As violence flares in South Sudan once again, Naomi Pendle says that the way peace is made or war is fought will either empower or undermine the South Sudanese people.

 

In Juba on the evening of Monday 11 July 2016, as the previous days of gun battles subsided, South Sudanese firemen came to the streets to collect lorry loads of bodies. They also washed away the blood that coloured the streets, leaving only traces where the blood had seeped into the sandy roads. The specificity of those who had fallen was disregarded. Family members crowded to the hospital to find their own, but they could not even access the bodies to count if their loved ones had died. The hospital had no money for fuel for the generator to power electric lighting to see individual faces among the piles of deceased. There was no refrigeration.

In recent decades, South Sudanese have often been confronted with careless, mass deaths that make life and death seem worthless. As one Dinka chief described to me, “Humans are now like bird poo. They are like waste that falls to the ground and is washed away without a trace. They come to nothing. We die so easily that we are nothing more than bird poo”. The challenge now for the families of those who have just died in Juba is to reclaim their lives and deaths to make life more valuable than “bird poo”. They need to find a way to cool their grieving hearts. The way peace is made or the way war is fought will either empower or undermine the South Sudanese as they attempt to reclaim control over their lives and deaths.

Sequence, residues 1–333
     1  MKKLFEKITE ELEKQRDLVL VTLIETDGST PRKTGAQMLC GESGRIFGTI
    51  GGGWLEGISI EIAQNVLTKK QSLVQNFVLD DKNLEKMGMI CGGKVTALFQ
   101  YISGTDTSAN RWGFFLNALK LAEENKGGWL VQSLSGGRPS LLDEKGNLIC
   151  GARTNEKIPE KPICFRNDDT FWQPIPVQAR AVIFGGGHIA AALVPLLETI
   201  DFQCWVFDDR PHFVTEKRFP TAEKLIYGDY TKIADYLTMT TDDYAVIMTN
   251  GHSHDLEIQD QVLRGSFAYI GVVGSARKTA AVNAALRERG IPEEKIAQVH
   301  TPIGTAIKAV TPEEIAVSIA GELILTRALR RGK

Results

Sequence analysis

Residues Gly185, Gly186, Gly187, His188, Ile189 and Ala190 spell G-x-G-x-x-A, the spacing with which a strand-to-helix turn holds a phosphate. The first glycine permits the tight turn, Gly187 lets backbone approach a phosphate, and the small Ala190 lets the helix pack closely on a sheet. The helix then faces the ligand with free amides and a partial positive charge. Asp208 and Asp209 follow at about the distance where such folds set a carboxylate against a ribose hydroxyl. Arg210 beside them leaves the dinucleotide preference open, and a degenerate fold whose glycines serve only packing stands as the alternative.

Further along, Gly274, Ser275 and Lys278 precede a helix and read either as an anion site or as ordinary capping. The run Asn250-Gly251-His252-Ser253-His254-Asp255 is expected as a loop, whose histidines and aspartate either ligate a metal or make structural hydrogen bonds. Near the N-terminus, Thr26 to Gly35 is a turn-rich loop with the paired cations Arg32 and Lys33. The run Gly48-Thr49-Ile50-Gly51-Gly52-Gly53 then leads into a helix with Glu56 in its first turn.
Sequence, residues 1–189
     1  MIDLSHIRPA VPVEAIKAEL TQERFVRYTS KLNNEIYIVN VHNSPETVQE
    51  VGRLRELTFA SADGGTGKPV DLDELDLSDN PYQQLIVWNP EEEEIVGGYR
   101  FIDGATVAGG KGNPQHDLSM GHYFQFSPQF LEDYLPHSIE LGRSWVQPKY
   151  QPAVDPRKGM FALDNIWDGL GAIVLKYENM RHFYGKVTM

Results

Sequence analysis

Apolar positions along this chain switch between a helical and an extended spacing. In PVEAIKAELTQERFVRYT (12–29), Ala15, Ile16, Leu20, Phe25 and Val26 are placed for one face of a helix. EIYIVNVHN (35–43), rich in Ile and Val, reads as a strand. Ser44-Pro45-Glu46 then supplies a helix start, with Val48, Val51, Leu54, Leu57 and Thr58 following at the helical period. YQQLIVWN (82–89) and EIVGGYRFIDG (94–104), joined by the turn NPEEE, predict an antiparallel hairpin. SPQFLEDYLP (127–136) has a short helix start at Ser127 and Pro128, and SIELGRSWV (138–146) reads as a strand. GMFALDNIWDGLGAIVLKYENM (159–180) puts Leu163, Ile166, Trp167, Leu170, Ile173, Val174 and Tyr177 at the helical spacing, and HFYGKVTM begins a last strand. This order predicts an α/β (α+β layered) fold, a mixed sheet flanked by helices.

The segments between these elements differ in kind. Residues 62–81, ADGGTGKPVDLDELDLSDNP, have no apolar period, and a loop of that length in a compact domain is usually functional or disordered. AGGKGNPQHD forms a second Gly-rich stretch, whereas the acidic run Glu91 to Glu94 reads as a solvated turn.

Riek Machar Teny-Dhurgon, First Vice-President of the Republic of South Sudan; President Salva Kiir; and James Wani Igga, Second Vice-President of the Republic of South Sudan join hands as the Transitional Government of National Unity is sworn in on April 2016 Photo Credit: UN Photo via Flickr (http://bit.ly/2anlXoG) CC BY-NC-ND 2.0

Riek Machar Teny-Dhurgon, First Vice-President of the Republic of South Sudan; President Salva Kiir; and James Wani Igga, Second Vice-President of the Republic of South Sudan join hands as the Transitional Government of National Unity is sworn in on April 2016
Photo Credit: UN Photo via Flickr (http://bit.ly/2anlXoG) CC BY-NC-ND 2.0